Sampling has been a key part of making rap beats, ever since the sampler was first invented. Being able to grab a sound and twist it into new forms has given lots of opportunities to beat making producers, but it also presents a few issues and challenges.
As a beat maker, there are lots of advantages that sampling can offer, and modern beat making software has amazing opportunities to utilize sounds, pulled in from anywhere, but you have to be aware of the problems you can face, if you don’t keep to the rules.
Sampling allows you to access the entire history of music. It allows you to be able to pull apart any sound, into its elements, or capture the perfect loop, for your tracks. Being able to access a great bass line or a snare sound, which can be pulled into your tracks can allow you to work very quickly.
It can be a great way of quickly putting together a track, which has a lot of presence and impact, for relatively little effort. You will need to make sure that the sample fits the key and tempo of your track, but once you do this, you are away.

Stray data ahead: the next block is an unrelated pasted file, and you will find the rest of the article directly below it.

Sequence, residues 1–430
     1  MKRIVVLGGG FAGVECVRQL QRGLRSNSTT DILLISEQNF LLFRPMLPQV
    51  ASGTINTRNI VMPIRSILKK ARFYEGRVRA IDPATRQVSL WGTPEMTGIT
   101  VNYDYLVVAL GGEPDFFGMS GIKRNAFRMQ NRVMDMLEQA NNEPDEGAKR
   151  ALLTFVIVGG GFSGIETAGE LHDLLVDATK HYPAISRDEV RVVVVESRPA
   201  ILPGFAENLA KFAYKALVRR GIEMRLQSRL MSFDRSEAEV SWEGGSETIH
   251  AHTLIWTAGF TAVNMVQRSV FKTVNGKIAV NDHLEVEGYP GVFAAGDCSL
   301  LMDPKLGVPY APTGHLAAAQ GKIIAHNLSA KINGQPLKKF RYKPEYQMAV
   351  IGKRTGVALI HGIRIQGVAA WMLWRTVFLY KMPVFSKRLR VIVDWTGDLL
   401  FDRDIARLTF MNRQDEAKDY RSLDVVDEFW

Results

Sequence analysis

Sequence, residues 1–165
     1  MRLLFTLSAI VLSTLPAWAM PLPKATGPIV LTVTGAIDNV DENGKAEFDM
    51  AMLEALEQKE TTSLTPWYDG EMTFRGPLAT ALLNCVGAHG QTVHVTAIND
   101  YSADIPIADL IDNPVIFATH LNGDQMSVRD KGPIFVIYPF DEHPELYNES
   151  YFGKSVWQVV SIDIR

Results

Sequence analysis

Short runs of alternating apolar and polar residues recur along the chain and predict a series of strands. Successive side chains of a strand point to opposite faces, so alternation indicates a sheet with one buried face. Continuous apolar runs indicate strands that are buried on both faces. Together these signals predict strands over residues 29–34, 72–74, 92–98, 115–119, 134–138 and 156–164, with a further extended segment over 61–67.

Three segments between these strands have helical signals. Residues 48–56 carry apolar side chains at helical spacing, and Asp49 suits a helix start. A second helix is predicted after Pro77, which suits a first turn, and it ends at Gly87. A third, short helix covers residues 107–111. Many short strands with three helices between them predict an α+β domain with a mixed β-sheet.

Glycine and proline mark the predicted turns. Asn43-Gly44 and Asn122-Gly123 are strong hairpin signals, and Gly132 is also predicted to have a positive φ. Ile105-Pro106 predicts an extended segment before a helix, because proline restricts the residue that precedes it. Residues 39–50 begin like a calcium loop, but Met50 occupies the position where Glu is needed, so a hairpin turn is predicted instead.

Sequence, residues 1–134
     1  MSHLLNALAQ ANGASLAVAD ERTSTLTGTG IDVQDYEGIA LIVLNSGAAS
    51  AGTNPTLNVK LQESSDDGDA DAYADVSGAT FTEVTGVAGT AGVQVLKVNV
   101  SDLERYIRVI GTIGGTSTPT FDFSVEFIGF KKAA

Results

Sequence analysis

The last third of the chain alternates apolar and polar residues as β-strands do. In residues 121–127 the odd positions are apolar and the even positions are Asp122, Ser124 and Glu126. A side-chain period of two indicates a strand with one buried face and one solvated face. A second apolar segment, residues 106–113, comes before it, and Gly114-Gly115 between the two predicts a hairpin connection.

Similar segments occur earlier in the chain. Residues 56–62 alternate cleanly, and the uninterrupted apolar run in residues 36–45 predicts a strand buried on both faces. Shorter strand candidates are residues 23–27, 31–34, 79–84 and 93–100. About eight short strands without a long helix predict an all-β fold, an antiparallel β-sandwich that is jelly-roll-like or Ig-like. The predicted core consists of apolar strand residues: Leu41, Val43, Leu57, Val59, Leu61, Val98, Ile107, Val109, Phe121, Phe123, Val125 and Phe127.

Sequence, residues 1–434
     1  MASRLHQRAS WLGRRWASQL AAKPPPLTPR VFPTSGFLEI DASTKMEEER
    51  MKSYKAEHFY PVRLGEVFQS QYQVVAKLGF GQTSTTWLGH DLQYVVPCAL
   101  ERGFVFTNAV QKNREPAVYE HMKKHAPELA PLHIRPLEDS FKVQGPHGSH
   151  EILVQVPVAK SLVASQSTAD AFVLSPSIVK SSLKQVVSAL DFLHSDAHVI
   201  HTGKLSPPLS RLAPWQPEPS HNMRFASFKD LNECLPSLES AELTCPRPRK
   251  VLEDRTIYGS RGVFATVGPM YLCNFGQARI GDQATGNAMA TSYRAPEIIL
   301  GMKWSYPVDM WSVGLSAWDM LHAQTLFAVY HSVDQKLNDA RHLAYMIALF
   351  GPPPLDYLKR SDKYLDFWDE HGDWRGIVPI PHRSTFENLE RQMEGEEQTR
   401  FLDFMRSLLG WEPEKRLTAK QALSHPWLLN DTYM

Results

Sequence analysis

Going through your music collection, looking for sounds and hooks can be inspiring too, even if you do what some producers do, building a track around a sample, before removing the sample. This can help you to get a solid beat going, without having to worry about the implications of sampling.
With sampling, you need to be aware of the legal situation. Samples of any commercially released music will almost always require the permission of the publisher. There are some beat makers who will risk sampling without clearing samples, thinking they won’t get caught, but if you do, you could be looking at fines and court actions.
Because of the potential legal issues, related to sampling, there are plenty of producers that have moved away from using samples. The legal issues of clearing samples can mean that it takes time to release your work, by which time you might have moved on, creatively.
There’s still a lot to be said for the unique sound of sampled tracks, particularly if the producer does something creative with the samples. Chopping up and rearranging a loop can provide interesting results. Hearing examples of this type of sampling may be rarer than it used to be, but it still provides a great basis for a beat.
Modern beat making software may be capable of creating instrumentals and beats quickly, but when you’re working in your home studio, it’s easy for tracks to lack the richness of a sample based track, unless you are really skilled at mixing and arranging.
A skilled producer may think of sampling as being part of their potential toolset, but should always be aware of the legal situation, if they are planning on having a hit!